Van Halen 101

December 21, 2005

The first thing to know about this nearly-400-page celebration of the Van Halen legacy is that not only is it specifically written for Van Halen fans, it’s written by one of the most rabid Van Halen fans the world has ever known, Abel Sanchez. Perhaps this is why, in what may be an effort to keep things as authentic as possible, Sanchez eschews the conventions of formal prose and writes in the casual voice of a Van Halen fanatic posting in an online chat room. (“Complaining that Edward Van Halen’s solo spot is ‘excessive’ would be like complaining that your girlfriend ‘gives you too much h**d’” is one example that comes to mind.) It’s also worth noting that if the redundant sentences and unnecessary exclamation points in this text were left out, Van Halen 101 would be significantly skinnier.

That being said, with Sanchez’s devotion to the greatest rock band that Pasadena, California, has ever produced pouring zealously off every page, this inspired text—despite its Casual Fridays approach to biography—quickly won me over. Sure, you can find most of the quotes from EVH and other key members of the Van Halen camp herein in old interviews with GP and other magazines, but when it comes to the Van Halen brothers’ evolution from two Dutch immigrant schoolboys learning classical music into pillars of late-20th-Century arena rock, Van Halen 101 conveniently puts the whole story—every last known detail—under one roof. If you’re a veteran Van Halen fan, the book’s “Tribute” section (in which Sanchez delivers dozens of fresh interviews with a startlingly wide cross-section of guitarists including Phil Keaggy, B.B. King, Kerry King, Albert Lee, Sharon Isbin, James Hetfield, Allan Holdsworth, and others) will be worth the price of admission. And if you’re a newbie Van Halen devotee, then, as the term “101” in the title suggests, you can’t go wrong with this killer crash course on the band. Authorhouse.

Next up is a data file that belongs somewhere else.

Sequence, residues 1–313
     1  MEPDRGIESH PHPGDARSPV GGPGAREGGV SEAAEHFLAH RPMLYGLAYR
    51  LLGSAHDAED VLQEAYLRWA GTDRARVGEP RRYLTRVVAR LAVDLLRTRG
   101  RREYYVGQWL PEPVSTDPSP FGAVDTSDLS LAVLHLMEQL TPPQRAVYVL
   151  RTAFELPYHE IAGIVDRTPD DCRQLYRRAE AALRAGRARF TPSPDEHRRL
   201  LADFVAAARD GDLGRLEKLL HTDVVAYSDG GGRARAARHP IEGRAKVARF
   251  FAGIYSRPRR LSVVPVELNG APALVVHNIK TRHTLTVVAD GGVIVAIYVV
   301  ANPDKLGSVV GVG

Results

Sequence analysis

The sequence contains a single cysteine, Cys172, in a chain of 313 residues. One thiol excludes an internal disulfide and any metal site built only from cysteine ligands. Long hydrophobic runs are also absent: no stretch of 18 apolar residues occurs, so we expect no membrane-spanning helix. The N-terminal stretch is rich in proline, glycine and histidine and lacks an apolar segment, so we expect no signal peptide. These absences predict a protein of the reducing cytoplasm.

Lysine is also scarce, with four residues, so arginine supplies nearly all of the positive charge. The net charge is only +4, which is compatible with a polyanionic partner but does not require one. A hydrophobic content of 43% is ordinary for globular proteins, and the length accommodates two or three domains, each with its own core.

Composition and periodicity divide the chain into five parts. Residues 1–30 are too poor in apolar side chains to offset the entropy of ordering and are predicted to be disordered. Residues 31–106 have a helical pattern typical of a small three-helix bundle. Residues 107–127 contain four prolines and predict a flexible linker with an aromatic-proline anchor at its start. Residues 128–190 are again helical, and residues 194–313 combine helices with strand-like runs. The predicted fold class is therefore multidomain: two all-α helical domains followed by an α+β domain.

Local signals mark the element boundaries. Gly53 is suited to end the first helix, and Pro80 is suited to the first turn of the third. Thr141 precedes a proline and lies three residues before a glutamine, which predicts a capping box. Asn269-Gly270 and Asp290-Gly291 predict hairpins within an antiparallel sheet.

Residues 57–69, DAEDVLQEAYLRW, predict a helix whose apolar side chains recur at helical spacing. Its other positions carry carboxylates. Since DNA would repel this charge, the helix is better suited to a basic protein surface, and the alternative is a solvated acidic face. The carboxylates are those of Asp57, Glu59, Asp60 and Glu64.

—Jude Gold

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